The cybernetic view is to see all requests for change as requests for change and stability.
It should not be surprising that experimental epistemology discovered that the nervous system closes on itself. This is operationally necessary for an organism to be able to think about its thinking.
The whole is greater than the sum of its parts. The whole is the organizational closure of its parts.
As usual I'm going to quote from a few pages...
The investigation of out-of-awareness culture can be accomplished only by actual observation of real events in normal settings and contexts.
Research with business groups, athletic teams, and even armies around the world has revealed there is an ideal size for a working group. The ideal size is between eight and twelve individuals.
All theoretical models are incomplete. By definition, they are abstractions and therfore leave things out. What they leave out is as important as, if not more important that what they do not, because it is what is left out that gives structure and form to the system.
Paradoxically, studying the models that men create to explain nature tells you more about the men than about the part of nature being studied.
All bureaucracies are oriented inward, but P-type are especially so.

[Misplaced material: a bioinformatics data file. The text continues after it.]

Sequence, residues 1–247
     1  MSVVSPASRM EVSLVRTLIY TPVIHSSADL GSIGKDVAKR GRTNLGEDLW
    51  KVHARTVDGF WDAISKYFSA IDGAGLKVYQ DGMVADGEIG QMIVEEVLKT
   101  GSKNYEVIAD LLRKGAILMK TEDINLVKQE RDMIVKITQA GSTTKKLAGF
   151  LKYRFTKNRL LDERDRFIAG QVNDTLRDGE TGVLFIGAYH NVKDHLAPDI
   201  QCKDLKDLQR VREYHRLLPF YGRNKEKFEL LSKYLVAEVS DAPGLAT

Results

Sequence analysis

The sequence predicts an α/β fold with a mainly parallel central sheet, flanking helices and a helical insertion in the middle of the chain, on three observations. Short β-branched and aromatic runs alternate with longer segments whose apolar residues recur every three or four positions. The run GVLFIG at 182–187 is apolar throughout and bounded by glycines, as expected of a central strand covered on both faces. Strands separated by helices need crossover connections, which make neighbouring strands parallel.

High context actions are by definition rooted in the past, slow to change, and highly stable.
High context communications are frequently used as art forms. They act as a unifying, cohesive force, are long-lived, and are slow to change. Low context communications do not unify; however, they can be changed easily and rapidly.
Nothing happens in the world of human beings that is not deeply affected by linguistic forms.
If there is anything that can change the character of life, it is how time is handled.
M-time emphasizes schedules, segmentation, and promptness. P-time systems are characterized by several things happening at once. They stress involvement of people and completion of transactions rather than adherence to preset schedules.
By scheduling, we compartmentalize; this makes it possible to concentrate on one thing at a time, but it also denies us context.
In many forms, culture designates what we pay attention to and what we ignore.
The natural act of thinking is greatly modified by culture.
Low-context cultures seem to resist self-examination.
Alfred Korzybski and Wendell Johnson, founders of semantics, identified the Extention Transference factor in the use of words and published extensively on the profound effects of mistaking the symbol for the thing symbolized while endowing the symbol with properties it does not possess.
Environments are not behaviorally neutral.
For some reason, people reared in the European tradition feel more comfortable if they have a rule to fall back on, even if it doesn't fit.
I'm extremely fortunate to fish for salmon in Norway for a week every June. I fish the River Verdal, at the Tingvoll Lodge, near Vuku, with four other anglers. The beat owner, John Olav Odren, and Gary Scott look after us all, and when I say he "look after us" I really mean it. Nothing is too much trouble and they help to make it an utterly fantastic week. This year I managed to catch a couple and lost one I never saw. I caught this one on a big snaelda from the middle section.